• Tod Boyle
    Swimming 1993

During his seven years as coach, Kent State became THE swimming program in the Mid-American Conference (MAC). The Golden Flashes, under Boyle's guidance, captured five MAC Swimming Championships between 1973 and '79. Over that seven-year stretch, the Kent mermen compiled a 70-16 record overall and they were 50-4 against MAC teams. Twelve Kent swimmers and five relay teams qualified for the NCAA finals. And as a result of that success, Boyle was rewarded by being voted the MAC Swimming Coach of the Year on five occasions. An Akron native who is a graduate of Akron South High and Ohio U, Boyle previously coached at Cuyahoga Falls High School and at OU. He turned the Tiger Swimmers into a state power, finishing in the top 10 in Ohio each of his four seasons there, including a third-place finish in 1968. In addition, Boyle organized the Water Works swim team in Cuyahoga Falls. One of his pupils, Terry Stoddard, became a top coach of the 1992 U.S Olympic swim team. After leaving Kent Sate in 1979, Boyle returned to high school coaching at Orange High. He has coached 16 All-American swimmers at Orange and has directed the girls cross conference and track teams to conference championships. Boyle recently retired from teaching, but still coaches swimming at Orange.

  • Richard Herbruck
    Football 1993

In the fall of 1946, a scrawny 13-year old freshman, Richard Herbruck, came under the guidance of Garfield High's new line coach, Dan "Babe Flossie, and the two have remained friends ever since. Under "Babe's" tutelage Herbruck grew into a two-time All-City choice and an All-Ohio guard in 1949. Earlier that year, Herbruck remembers that fellow inductee, Tim Flossie, "Babe's" first son, was born. Herbruck also had another passion besides football. He was the state snare drum champion all four years at Garfield and, later he played and recorded with the Tiger-Town Five, a top college jazz band. Herbruck earned a four-year football scholarship to Princeton, where he was a three-year starter under the legendary Charlie Caldwell. Standing but 5-9 and weighing in at a whooping 167 pounds, Herbruck, an offensive guard, helped the 1952 Tigers win eight of nine games and capture the Big Three (Princeton, Harvard & Yale) Conference title. His junior and senior seasons, Herbruck went both ways at guard as Princeton compiled of 5-3-1 in '53 and 5-4 in '54. The latter campaign, Herbruck was voted first team All-Ivy League and was a third team All-East pick. In 1980, Herbruck was honored by his alma mater, receiving Princeton's Outstanding Alumni Award.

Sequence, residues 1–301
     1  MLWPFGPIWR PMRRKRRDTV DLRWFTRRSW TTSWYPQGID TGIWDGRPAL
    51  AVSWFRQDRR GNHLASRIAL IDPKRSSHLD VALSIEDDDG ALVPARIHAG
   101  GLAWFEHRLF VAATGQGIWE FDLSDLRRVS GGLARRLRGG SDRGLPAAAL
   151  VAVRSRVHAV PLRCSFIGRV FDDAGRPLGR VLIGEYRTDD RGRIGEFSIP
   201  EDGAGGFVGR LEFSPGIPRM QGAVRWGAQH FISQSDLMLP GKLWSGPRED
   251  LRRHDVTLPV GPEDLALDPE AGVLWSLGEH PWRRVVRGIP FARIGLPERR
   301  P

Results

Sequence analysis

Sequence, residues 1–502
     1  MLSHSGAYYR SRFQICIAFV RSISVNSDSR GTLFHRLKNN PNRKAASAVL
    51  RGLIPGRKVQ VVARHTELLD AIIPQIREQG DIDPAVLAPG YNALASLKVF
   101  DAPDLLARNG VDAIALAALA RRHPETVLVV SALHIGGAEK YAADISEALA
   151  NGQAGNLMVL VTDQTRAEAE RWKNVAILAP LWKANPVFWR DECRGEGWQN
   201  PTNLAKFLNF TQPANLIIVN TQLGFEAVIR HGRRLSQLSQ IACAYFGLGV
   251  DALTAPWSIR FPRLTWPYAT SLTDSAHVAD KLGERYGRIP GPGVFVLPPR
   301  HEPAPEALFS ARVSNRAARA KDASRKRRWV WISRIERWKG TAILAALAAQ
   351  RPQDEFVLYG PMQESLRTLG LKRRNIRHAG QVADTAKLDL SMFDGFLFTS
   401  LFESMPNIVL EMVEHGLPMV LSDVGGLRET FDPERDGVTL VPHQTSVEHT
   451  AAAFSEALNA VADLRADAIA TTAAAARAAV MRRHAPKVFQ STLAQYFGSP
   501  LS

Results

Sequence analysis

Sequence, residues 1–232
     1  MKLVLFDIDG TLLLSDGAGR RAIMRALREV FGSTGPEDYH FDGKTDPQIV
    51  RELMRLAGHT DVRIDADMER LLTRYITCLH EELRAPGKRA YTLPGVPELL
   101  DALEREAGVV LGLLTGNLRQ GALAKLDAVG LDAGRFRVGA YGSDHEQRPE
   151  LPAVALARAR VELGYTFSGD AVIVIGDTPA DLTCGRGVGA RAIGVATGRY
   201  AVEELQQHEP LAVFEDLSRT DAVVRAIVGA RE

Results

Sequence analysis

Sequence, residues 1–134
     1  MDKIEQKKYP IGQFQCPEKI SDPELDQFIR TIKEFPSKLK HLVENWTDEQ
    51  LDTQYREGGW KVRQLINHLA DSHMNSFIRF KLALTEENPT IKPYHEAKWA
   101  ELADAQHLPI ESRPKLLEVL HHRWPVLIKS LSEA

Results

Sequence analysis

• Terry Deems
    Basketball 1993

Basketball fans who watched Terry Deems play for Wittenberg University from 1955-59 were amazed at his scoring and rebounding prowess. It's especially puzzling when you hear Deems admit to this day, "I couldn't shoot and I couldn't jump very well." Deem's coach, the legendary Ray Mears, said, "He did it on his competitive nature." Teammate Tony Verdova reasoned, "He positioned his body well." Deems credits Mears' offense, which put him in the low post and close to the basket. Perhaps all three are right because for certain, the 6-4 Deems used his abilities well to forge an outstanding basketball career. While starting in all 85 games in his career, Deems established school and Ohio Conference (OC) records in scoring 1700 points and grabbing 1515 rebounds. That averages out to 20 points and 17.8 rebounds per game. As a sophomore, he hauled down 435 missed shots, including a career high 29 versus Kenyon, in only 21 games - a 20.7 average. That same season Deems set a new Wittenberg single game scoring record with 46 points against Heidelberg. As a junior and again as a senior player in the OC. In 1958-59 Deems garnered honorable mention All-American honors as he led the 18-2 Tigers to the OC Championship and a berth in the NCAA College Division Tournament. Deems, a native of Tuscarawas, Ohio, came to Akron and played on the Goodyear Wingfoot teams of 1959-60 and 1961-62. In 1986 he became a charter inductee into Wittenberg's Athletic Hall of Fame.

  • Ron DeGrand
    Baseball 1993